She is a winsome wee thing, She is a handsome wee thing, She is a bonny wee thing, This sweet wee wife o' mine - Robert Burns
THE INQUIRER has been lucky enough to have sat down with a very interesting research group at the University of Sussex, who are championing the use of a new form of motion capture technology, very different from the likes of Nintendo's Wii or Microsoft's upcoming Project Natal.
The Emove project is a research collaboration effort between Animazoo UK and the University of Sussex Centre for Computer Graphics, with a focus on developing an upper body inertial 'Personal Motion Capture System' at a price realistic for consumer use.
The INQ had the pleasure of talking with the research group lead, Dr Martin White, and two of his young research assistants, Jake Slack and Zeeshan Patoli.
Upon entering the team's environment we were immediately surprised to see prototype suits hanging near the post-grad's desks, which they immediately slipped on in under 30 seconds.
The 'Hypersuit' fits around the arms, along with a soft cap attachment for head movement feedback, and a centred-chest operations box that includes the communications via Bluetooth for interaction with an individual's PC. Each of the arms has a joystick-type device with buttons fitted for further interaction.
Soon, both Slack and Patoli had brought up a networked instance of their main demo game 'Hyperfighter' on each of their standard PCs. Hyperfighter is a simple example of the suit's use in an archery game, wherein each character can retrieve an arrow from their back-placed quiver when 'grasping' for the arrow, and move their hands in typical archery fashion and fire arrows at their opponent - an opponent standing on a rotating plinth some distance away, who is also firing back at you. Fortunately raising your arm brings up a blocking movement using a shield. In fact, you can even grasp for an arrow stuck in your shield and use it to fire back at your opponent.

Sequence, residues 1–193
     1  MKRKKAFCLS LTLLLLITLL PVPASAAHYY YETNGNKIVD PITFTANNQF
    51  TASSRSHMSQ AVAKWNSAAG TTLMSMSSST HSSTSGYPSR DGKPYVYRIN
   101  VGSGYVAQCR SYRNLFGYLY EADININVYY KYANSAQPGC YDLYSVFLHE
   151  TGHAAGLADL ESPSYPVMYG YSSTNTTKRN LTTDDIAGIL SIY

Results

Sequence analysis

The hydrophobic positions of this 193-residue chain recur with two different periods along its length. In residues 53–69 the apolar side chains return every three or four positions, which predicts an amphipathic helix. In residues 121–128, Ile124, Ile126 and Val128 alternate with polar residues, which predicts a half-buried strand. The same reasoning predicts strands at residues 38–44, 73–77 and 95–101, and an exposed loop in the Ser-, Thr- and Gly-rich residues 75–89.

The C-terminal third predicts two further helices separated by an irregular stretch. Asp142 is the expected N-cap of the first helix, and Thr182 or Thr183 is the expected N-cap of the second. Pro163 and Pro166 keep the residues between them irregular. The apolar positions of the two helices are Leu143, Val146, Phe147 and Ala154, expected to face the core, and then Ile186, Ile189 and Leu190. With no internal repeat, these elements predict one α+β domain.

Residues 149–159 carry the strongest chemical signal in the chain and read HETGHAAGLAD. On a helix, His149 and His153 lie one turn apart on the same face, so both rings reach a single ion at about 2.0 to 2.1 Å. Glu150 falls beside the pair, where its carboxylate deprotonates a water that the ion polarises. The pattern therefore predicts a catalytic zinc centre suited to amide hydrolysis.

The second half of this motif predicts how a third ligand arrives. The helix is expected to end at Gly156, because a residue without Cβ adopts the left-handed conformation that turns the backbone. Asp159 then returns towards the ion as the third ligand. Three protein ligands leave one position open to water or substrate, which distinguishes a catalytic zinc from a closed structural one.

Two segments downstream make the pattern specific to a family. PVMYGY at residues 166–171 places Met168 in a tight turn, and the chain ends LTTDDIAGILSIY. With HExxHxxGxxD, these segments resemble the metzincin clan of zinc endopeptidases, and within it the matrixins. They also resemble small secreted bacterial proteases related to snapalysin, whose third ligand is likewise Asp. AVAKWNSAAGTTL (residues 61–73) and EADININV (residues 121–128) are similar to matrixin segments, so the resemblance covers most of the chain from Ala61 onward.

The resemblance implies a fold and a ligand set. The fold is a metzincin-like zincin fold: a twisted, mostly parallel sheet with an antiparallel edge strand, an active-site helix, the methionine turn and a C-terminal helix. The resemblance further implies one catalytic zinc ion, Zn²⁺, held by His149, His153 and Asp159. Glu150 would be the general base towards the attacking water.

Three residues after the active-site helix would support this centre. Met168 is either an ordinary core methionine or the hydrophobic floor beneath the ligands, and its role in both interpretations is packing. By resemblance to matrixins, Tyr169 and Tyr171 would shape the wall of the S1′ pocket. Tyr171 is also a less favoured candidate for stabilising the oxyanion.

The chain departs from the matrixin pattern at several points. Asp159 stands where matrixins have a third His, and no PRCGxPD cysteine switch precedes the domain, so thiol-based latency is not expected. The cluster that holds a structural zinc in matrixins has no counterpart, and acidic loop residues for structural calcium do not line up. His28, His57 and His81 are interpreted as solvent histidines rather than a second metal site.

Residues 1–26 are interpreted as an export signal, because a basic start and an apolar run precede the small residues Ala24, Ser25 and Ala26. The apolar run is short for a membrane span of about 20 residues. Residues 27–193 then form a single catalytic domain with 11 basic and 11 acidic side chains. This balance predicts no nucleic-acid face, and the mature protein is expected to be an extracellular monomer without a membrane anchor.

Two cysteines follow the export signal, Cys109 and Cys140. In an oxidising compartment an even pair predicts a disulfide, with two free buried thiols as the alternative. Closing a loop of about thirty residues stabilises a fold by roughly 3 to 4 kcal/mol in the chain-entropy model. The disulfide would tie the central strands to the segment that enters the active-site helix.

Hyperfighter has been produced in-house at the University of Sussex using the Disney-developed 3D engine Panda3D, though the team is migrating to the Reality engine, demonstrating a range of software tools that can be used to develop for the suit.
We were also lucky enough to see a ten-pin bowling demo, which had been mocked up and was playable within only a week, and is testimony to the simplicity for which the device can be programmed.
There appeared to be very little noticeable lag between the suit and actions on-screen, giving almost instant user interaction. Also, it appears the team has tested the product on complete novices who have difficulty with typical first-person-shooter games and have found the users immediately completely at home using the suit, a boon for the gaming generation gap that currently exists.
The team wasn't dismissive of competing future Microsoft and Sony motion-capture developments. Slack commented, "Natal can measure both whole body translations and bone rotations but it remains to be seen how accurate their system will be, with demonstrations suggesting there are some latency issues and inaccuracies in certain body positions." Something we didn't find visible in the very early demonstrations of the Hypersuit.
Importantly, the team is aware that uptake of the suit will be dependent on delivering good software and games. Possibly dozens of micro-games in an online multiplayer portal will be produced by Animazoo and Sussex University, but a key deliverable for the team is an open SDK that consumers and developers alike can use to produce more and more software for the device.
Delivering the suit at a cost level suitable for consumers is also a currently key goal for the team, aiming for a price point under $300 for mass-market uptake of the suit, and ultimately the suit's SDK.
This technology isn't being considered only for gaming. Remote virtual puppeteering software, with lipsync via an attached microphone and software translation, has already been demonstrated, and Dr White feels the suit could gain use in multiple different sectors, including industrial and medical uses.
The motion capture research group has their own Youtube page available for the public to view here. In the video, you can see a networked game of Hyperfighter being played by Slack and Patoli, with Dr White commentating on their performance. µ
Sign up for INQbot – a weekly roundup of the best from the INQ